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PUTC: Is that why you leave certain things stock as well? Not just to say "these are stock" but for reliability?

RM: Yes, the season doesn't allow for us to test much. We're allowed to test but the time frame doesn't allow it. We're based out of Southern California, which is pretty much the furthest you could go — our closest event is all the way up in Washington. So it's about a week back, a week out, we have two weeks to prep the car and we don't quite get enough time to test. The season starts in January and ends in October, and there's not a lot of development time. So sometimes you don't want to compromise that reliability.

I see guys make performance changes that they think are going to make them go faster, but it goes and stresses something else. They go build a great engine, don't change the transmission and start breaking axles or transmission pieces. There's so much to it. And that's what I stress on my guys too — the engineering's been done on this car, let's not mess with it, you know?

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PUTC: And Toyota's research and development budget is much larger than your team's, than any team.

RM: Right, Toyota does very stringent testing on it, you know like basic stuff. They have rules when they design things. I talked to some of the chief engineers and they talk about certain things like with Tundra. I remember Mike Sweers, a good friend of mine who was a chief engineer, and he would say "I don't know why we have this rule that certain things are heat treated and I cannot get them to change that. We have to do it no matter what. I know it's way too strong, but that's the Toyota way." The most important thing when I look for a vehicle is reliability. I don't really care so much about styling or performance. I don't want to work on my tow rig after I've been working on my race car.

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Manufacturer Images and Cars.com photos by Brian Wong



So why is a Dodge Ram in the article?

I agree with the reliability part! One of the main reason besides being able to off-road from the factory with a 4-cylinder, is why I continue to drive Toyota's today!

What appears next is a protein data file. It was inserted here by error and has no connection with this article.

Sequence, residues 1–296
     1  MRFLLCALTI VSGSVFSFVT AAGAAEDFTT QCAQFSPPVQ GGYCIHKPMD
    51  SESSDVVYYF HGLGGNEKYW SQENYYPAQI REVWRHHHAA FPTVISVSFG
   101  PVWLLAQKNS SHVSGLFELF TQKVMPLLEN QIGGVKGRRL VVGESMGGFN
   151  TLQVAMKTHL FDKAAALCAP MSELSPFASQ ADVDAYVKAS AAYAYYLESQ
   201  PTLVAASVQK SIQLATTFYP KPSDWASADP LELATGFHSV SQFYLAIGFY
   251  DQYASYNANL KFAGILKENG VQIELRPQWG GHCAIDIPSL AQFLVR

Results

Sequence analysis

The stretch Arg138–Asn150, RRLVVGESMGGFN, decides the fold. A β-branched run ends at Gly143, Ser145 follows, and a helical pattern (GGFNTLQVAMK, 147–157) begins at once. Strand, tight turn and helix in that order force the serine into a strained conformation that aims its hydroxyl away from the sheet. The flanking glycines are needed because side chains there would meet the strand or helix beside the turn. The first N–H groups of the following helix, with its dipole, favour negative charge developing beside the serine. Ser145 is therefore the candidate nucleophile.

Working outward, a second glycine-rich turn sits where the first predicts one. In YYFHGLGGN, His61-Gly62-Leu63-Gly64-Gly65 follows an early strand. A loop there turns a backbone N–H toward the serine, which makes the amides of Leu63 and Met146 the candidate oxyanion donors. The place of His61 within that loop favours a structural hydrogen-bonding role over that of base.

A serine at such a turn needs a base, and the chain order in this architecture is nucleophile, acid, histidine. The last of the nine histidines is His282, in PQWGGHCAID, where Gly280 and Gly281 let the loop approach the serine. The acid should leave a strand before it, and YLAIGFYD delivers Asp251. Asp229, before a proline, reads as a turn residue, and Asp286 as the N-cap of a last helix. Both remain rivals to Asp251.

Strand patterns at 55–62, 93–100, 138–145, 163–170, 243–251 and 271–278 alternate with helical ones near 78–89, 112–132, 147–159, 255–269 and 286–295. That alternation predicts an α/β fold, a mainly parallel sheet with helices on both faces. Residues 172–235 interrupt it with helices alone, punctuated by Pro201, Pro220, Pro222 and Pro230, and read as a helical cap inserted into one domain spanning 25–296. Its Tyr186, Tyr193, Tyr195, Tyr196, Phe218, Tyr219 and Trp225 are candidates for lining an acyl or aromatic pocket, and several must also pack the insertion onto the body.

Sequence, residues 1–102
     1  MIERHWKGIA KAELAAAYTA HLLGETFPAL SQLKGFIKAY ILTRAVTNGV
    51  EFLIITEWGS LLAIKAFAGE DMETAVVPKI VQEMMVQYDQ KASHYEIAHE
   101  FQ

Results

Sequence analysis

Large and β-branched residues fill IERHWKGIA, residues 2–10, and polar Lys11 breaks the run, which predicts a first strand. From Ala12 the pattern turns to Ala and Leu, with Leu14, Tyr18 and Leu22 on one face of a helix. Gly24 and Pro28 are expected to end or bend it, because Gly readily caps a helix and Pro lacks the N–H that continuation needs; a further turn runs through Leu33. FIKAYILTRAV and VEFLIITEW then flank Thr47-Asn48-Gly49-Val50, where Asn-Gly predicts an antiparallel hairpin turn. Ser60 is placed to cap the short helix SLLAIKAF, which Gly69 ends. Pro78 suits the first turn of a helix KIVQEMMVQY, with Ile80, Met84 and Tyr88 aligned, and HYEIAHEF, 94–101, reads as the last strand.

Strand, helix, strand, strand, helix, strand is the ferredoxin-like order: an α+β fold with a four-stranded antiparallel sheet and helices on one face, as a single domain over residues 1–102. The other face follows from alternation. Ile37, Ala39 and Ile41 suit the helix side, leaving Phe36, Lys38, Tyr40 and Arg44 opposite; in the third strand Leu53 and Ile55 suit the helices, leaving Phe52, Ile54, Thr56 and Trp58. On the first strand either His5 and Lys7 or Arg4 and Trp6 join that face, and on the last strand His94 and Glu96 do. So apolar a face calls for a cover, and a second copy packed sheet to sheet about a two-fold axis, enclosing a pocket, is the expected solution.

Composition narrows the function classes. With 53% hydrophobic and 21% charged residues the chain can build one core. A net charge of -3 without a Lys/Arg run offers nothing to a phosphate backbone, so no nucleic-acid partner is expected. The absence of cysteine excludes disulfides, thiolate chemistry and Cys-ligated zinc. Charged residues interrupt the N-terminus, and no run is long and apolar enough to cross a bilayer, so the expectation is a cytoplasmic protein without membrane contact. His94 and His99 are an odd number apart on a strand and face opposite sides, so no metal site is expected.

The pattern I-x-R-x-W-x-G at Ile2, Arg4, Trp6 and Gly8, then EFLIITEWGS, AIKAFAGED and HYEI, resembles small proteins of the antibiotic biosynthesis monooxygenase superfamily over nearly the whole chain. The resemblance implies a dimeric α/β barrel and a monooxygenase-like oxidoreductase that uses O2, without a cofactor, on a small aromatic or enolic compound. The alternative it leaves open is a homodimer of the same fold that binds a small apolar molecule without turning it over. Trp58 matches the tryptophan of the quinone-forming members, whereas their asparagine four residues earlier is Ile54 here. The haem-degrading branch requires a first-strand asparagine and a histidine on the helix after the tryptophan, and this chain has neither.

I spend more time and $$$ modding my Tacoma's than fixing them with unnecessary repairs or failures. In fact my 2010 Tacoma has yet to have ANY unscheduled repair or maintenance, and I am not kidding!

I can recall when I raced down in Baja, I too kept the engine and transmission stock as delivered. The only issue I had was running Richmond 5.29 ring and pinion for a race until I lost a few teeth. I reinstalled the original factory 4.10 and never again will I ever alter the big 3 for the truck when racing in licensed plate stock classes!

Engine, tranny and rear end all factory delivered and original! Never had an issue racing since then.

In stock classes down in Baja it was more important to keep factory reliability! I can see the motivations in this case especially when Toyota is planning to sell more small suv's than the Camry next decade.

Toyota Ad?

The RAV4 would be fun, a WRC Corolla would even be better.

It has been a while since I saw Rod Millen, if you are reading this, Hello, how are you doing?

I was fortunate to be on Rod Millen's Toyota Tundra short course off-road racing team last decade! Racing at places like Crandon, Antigo, Luxembourg, it was a blast tearing down and prepping the truck and watching Rod use his rally skills on the track!

So many fans would stop by after the races and were just amazed at the rally-style driving Rod was using in short course, nobody ever saw that type of driving skill in short course before.

Bruce from TRD that built the engines, Bill Smith the crew chief that we knew from running hot pits for the legendary PPI-Toyota team down in Baja. It was a blast working them long hours race weekend. Well worth the efforts!

I know Toyota eventually went with the local Greaves boys for the 900hp Tundra's but it was a great year of racing for Rod Millen and the new Toyota Tundra!

Yet another Ford propaganda article.

Knew someone would comment about Ford, getting real old already. Get a job.

See...this proves again PUZTC is not pro-Ford...but I am;


Rhys Millen is part of New Zealand Racing Royalty. All of the Family go back to tackle Targa New Zealand, a Rally for all types of vehicles.